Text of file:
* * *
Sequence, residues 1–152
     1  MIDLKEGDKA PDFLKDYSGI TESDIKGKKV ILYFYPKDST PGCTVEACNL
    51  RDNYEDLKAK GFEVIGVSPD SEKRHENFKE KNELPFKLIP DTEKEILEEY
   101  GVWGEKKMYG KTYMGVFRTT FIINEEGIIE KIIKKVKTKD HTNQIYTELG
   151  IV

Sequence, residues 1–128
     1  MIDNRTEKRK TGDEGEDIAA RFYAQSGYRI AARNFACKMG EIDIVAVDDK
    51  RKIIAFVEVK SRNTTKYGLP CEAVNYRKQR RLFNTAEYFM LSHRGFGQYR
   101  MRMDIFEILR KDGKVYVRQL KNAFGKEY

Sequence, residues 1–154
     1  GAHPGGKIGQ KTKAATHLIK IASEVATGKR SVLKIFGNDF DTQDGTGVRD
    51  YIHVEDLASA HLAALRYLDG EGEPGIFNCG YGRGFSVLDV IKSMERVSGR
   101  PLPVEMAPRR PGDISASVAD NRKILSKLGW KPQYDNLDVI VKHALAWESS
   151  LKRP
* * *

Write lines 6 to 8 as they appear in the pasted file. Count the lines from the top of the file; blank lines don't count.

Sequence, residues 1–128
     1  MIDNRTEKRK TGDEGEDIAA RFYAQSGYRI AARNFACKMG EIDIVAVDDK
    51  RKIIAFVEVK SRNTTKYGLP CEAVNYRKQR RLFNTAEYFM LSHRGFGQYR